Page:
Centering Incarcerated Individuals while Advocating for the REAL Act 2019
by Jacqueline Lantsman
The inaccessibility of higher education has received national attention. College students across the country are protesting tuition hikes and demanding transparency in University spending. Elizabeth Warren, 2020 Presidential candidate, is offering policy solutions to mitigate the long-term effects of student debt on economic stability and upward mobility. This national dialogue has now extended to a community of individuals disenfranchised from accessing the college classroom: those currently incarcerated in U.S. correctional institutions.
In Washington, D.C., the REAL Act 2019 was introduced in both the Senate (SR. 2423) and House (H.R. 2168) with the intention to “reinstate Federal Pell Grant eligibility for individuals incarcerated in Federal and State penal institutions, and for other purposes.”
The REAL Act 2019 would assist the 41,000 Free Application for Federal Student Aid (FAFSA) applicants ineligible for aid because of drug-related offenses, and individuals currently confined in prison. The restrictions on Pell eligibility for those convicted of a felony or a misdemeanor were passed by the Clinton administration in 1994, during the “tough on crime” era.
Why is Pell Grant access important to individuals currently and formerly incarcerated?
Currently, 64% of individuals in state and federal prisons have graduated from high school or hold a GED, meaning that roughly 960,000 people are eligible to enroll in college classes. Individuals with the academic foundation to engage in critical and higher-order thinking are unable to participate due to the expense of college courses in prison. This limitation is reflected in the mere 9% of individuals who complete college classes while incarcerated.
However, a pilot program initiated during the Obama administration, the Second Chance Pell (SCP) Experimental State Initiative, found great interest among the incarcerated population in taking college courses. Partnering with a total of 65 college programs with the assistance of federal grant funding, a total of 10,654 individuals incarcerated enrolled across three semesters into 1112 course offerings, with interest between semesters increasing by 23 percent. Between 2015 and 2017 the outcomes of the program were substantial, resulting in 701 certificates, 230 associate degrees, and 23 bachelor’s degrees earned by program participants.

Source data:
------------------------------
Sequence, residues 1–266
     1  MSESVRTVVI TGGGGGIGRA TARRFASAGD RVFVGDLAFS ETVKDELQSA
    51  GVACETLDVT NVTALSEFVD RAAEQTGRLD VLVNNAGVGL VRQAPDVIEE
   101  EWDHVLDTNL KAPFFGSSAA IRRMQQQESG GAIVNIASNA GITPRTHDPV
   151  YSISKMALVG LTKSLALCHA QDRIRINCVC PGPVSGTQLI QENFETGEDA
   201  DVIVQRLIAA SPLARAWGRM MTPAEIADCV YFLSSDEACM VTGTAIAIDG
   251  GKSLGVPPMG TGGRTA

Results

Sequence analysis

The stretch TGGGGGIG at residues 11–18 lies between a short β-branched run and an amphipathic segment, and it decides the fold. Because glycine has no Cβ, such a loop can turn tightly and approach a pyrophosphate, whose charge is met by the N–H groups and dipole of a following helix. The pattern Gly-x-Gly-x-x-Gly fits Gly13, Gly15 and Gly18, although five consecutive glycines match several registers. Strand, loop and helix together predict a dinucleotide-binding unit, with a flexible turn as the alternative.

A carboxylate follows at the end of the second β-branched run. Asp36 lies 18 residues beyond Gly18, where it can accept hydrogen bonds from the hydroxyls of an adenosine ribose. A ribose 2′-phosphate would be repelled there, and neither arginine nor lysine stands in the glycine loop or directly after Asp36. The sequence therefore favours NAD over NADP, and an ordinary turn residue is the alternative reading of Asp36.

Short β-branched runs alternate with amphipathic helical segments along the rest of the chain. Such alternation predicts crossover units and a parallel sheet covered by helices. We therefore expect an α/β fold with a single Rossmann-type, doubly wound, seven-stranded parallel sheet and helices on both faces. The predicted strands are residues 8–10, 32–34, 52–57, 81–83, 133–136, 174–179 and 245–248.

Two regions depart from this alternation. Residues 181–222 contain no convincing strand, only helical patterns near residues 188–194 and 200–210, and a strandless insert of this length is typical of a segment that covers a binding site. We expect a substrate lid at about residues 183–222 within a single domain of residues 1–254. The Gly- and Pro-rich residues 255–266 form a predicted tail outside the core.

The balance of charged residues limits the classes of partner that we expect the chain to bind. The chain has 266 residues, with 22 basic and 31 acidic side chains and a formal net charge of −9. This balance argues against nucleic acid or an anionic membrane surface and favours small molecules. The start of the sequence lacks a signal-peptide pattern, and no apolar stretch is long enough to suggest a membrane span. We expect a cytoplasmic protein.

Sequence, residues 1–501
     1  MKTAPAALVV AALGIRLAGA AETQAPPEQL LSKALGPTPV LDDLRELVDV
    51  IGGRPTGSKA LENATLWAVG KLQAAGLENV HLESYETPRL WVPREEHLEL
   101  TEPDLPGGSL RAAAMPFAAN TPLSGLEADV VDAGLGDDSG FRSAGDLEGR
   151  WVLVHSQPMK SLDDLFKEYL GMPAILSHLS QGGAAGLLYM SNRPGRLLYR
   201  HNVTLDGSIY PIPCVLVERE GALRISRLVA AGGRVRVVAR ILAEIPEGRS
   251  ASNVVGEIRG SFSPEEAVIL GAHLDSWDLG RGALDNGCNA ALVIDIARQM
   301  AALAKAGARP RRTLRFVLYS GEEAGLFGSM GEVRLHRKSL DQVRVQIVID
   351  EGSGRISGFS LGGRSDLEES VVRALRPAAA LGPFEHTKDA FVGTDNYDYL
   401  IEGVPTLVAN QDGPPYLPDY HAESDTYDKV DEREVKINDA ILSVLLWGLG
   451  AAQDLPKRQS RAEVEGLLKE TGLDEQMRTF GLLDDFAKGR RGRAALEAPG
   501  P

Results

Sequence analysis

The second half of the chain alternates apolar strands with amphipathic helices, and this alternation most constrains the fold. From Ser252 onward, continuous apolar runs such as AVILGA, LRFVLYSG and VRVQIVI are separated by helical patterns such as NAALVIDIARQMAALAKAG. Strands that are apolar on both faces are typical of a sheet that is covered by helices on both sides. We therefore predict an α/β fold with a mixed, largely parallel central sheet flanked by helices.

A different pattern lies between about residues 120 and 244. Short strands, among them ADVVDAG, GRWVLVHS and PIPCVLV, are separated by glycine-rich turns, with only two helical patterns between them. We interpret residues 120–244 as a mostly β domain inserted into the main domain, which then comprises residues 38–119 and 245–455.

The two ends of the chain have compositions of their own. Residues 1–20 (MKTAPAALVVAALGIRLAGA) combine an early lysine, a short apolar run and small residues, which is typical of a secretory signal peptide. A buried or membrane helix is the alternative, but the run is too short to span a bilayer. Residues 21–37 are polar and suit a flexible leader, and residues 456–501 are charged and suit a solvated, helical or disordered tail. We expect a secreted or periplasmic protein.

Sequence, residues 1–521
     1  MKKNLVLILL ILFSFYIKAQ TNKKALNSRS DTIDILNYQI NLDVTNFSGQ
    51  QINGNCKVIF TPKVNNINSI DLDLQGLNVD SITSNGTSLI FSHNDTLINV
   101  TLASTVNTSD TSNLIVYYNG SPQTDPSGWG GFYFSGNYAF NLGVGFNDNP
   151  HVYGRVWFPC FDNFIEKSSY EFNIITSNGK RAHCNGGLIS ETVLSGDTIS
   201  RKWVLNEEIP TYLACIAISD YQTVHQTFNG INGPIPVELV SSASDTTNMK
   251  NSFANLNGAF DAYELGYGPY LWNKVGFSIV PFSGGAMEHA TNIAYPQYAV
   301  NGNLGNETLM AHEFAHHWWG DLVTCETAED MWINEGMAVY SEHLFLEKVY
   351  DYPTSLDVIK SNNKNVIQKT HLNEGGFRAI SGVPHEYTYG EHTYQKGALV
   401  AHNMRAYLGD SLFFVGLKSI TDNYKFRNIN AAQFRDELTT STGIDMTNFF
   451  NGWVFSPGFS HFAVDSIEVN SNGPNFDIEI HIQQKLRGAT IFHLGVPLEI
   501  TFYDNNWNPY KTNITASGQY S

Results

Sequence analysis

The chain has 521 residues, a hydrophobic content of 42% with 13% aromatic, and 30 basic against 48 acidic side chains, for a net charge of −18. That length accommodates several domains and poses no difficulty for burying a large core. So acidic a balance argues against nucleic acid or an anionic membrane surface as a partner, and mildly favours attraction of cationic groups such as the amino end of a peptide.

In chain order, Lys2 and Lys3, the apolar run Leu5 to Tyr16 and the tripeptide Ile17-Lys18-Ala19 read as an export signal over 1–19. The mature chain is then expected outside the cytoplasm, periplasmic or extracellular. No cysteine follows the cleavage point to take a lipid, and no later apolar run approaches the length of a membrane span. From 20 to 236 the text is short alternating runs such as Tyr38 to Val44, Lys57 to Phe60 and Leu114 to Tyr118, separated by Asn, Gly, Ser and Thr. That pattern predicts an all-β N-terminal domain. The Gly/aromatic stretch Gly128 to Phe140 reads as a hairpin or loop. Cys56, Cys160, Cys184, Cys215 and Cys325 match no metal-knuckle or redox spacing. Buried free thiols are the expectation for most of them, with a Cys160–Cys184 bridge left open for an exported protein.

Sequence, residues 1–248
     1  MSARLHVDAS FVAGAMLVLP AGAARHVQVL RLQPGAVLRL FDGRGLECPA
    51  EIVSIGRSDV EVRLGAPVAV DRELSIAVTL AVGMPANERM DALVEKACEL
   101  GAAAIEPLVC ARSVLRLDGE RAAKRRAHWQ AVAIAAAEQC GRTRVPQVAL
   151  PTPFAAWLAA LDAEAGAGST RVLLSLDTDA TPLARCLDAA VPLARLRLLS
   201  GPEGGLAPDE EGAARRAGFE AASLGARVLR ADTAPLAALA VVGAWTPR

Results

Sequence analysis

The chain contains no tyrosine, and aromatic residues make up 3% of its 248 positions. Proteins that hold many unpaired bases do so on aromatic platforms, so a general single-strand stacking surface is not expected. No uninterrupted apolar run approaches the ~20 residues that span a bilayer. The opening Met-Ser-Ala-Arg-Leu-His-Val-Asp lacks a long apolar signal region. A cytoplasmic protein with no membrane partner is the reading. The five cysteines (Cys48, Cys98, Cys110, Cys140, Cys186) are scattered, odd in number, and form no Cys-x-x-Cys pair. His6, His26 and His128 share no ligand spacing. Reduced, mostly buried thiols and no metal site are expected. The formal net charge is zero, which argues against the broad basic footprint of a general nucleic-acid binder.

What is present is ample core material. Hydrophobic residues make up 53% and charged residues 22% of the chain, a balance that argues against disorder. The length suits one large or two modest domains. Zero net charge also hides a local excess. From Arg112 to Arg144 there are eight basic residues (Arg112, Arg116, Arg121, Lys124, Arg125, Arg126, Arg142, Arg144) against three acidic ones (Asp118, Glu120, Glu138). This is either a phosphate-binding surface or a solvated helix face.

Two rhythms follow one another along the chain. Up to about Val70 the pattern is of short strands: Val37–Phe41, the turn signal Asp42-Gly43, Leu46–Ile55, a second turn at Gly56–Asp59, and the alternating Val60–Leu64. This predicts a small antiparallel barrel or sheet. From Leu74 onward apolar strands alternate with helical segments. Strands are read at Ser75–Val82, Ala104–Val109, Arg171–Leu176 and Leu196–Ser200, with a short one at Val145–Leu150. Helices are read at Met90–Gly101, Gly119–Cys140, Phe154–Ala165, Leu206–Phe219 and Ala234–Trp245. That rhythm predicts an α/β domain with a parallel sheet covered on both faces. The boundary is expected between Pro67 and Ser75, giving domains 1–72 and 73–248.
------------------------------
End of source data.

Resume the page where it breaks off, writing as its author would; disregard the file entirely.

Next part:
Across party lines, there is recognition that great opportunity exists in providing education, specifically for the promotion of rehabilitation, as well as the increase of employment and economic viability for individuals and families with members involved with the justice system. Following the passage of the First Step Act, policy discussions are focused on releasing people from prison sentenced largely for low-level drug offenses. Kevin Ring, President of Families Against Mandatory Minimums (FAMM), has addressed the relationship between the two criminal justice bills. Ring states that in the coming years 94 percent of individuals re-integrating will require the tools to compete in the job market, and by 2020 65 percent of jobs will require post-secondary education and training beyond high school.
While the economic values shared by policymakers are critical to recruiting lawmakers for the passage of the REAL Act 2019, the conditions described by individuals currently incarcerated highlight the need for a conversation about the purposes of education.
Education as preparation for re-entry and employment
The mainstream argument in support of the REAL Act 2019 centers on the financial benefits of college education in prison. Pertaining to recidivism, lifting the ban on Pell Grants would create an estimated 400 percent return on investment within three years. For every one dollar spent on responding to recidivism, the government would save five dollars for investing in post-secondary education in prison.